The recipe was popularized by Pasquale Scala, and a group of his associates who started small beef stands in Chicago and used similar recipes, perfecting Chicago’s original Italian beef sandwich. Al Ferreri and his sister and brother-in-law, Frances and Chris (Baba) Pacelli, founded of Al’s Beef in 1938, and Mr. Beef on Orleans co-founders Carl Bonavolanto Jr. and his Tony (“Uncle Junior” to the Buonavolantos) Ozzauto each set up shop.
Other Italian beef purveyors likewise set up shop in the 40s, many obtaining their beef from Scala Packing Company of Chicago. Chris Pacelli (Baba) (founder of Al’s Beef in 1938), Carl Bonavolanto Jr. and Tony Ozzauto (co-founders, Mr. Beef on Orleans in1961), were among the group.
By 1954, a local restaurant Al's Beef was advertising its "Pizza, Spaghetti, Ravioli, [and] Italian Beef Sandwiches" in the Chicago Tribune.
There are varying degrees of juiciness, depending on taste. Nomenclature varies from stand to stand, but wet or dipped means the bread is quickly dunked in the juice; juicy even wetter; and soaked is dripping wet.
Most Chicago beef restaurants also offer a "combo," adding a grilled Italian sausage to the sandwich. Different eateries offer hot or mild sausage, or both.
Typical beef orders are:
- Hot dipped: Italian beef on gravy-wetted bread and giardiniera.
- Hot dipped combo: Italian beef and sausage on gravy-wetted bread with giardiniera.
- Sweet dry: Italian beef placed on dry bread, topped with sweet peppers.
- Gravy bread: meatless Italian bread soaked in the juice of Italian beef, often served with peppers or giardiniera. Also known in some places as "Soakers" or "Juice-ons".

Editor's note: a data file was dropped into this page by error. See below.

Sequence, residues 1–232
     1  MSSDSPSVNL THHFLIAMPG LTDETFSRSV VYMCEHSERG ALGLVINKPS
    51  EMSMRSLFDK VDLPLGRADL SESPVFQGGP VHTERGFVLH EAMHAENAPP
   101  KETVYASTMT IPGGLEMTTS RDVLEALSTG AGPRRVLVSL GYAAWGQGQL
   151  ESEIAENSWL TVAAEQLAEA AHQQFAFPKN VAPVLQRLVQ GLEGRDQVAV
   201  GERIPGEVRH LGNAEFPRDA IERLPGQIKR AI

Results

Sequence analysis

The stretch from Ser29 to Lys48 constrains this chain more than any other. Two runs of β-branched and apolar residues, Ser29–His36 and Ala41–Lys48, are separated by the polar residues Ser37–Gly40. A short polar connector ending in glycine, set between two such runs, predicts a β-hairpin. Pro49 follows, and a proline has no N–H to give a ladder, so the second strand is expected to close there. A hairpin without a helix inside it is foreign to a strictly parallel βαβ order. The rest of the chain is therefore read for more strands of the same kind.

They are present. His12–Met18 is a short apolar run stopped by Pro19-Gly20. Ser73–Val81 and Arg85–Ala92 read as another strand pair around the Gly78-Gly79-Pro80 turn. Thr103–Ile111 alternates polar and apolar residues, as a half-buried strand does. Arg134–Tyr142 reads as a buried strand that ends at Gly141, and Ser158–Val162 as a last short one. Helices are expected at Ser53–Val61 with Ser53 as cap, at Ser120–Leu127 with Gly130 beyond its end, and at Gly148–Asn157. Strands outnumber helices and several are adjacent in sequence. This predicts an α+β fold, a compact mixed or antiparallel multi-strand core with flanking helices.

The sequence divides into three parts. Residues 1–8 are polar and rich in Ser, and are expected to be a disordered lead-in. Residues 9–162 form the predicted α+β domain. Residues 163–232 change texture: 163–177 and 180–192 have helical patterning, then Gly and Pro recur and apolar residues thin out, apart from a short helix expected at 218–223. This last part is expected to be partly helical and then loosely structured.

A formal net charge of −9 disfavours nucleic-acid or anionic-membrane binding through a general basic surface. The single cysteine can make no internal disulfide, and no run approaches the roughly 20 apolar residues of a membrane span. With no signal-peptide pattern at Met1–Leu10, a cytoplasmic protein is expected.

- Cheesy beef or cheef: Italian beef with cheese (Provolone, Mozzarella or, rarely, Cheddar); not all stands offer this.
- Cheesy beef on garlic: Italian beef with cheese (Provolone, Mozzarella or, rarely, Cheddar) and the bread being pre-cooked and seasoned like traditional garlic bread; not all stands offer this.
Some order the "triple double," which consists of double cheese, double sausage and double beef. Other even less common variations include substituting Italian bread with a large croissant or topping with marinara sauce.
In the media
The Italian beef sandwich was featured in a late 2008 episode of the Travel Channel's Man v. Food, when host Adam Richman (who focused his restaurant visits on Chicago in that episode) visited Al's No. 1 Italian Beef to try the signature sandwich.
The sandwich was mentioned in the 1999 History Channel documentary American Eats: History on a Bun as an example of the specialty sandwiches found in different cities in the United States. Chris Pacelli, owner of Al's No. 1 Italian Beef, is shown demonstrating how to eat the sandwich with the "Italian stance."
The 30 Rock episode "Sandwich Day" features "secret" sandwiches with dipping sauce from an unknown Italian delicatessen in Brooklyn. It has been theorised that this sandwich is based on the roast beef sandwich from an Italian delicatessen in Hoboken, New Jersey, which appears to be an Italian beef sandwich.
- Zeldes, Leah A (2002-09-30). "How to Eat Like a Chicagoan". Chicago's Restaurant Guide. Chicago's Restaurant Guide. Archived from the original on 2002-10-01. Retrieved 2002-09-30.
- "Three generations of beef". Chicago Tribune. 2014-03-24.
- "Save Mr. Beef!". Huffington Post. 2009-02-15.
- "Sandwiches". Chicagojoes.net. Retrieved 2011-07-10.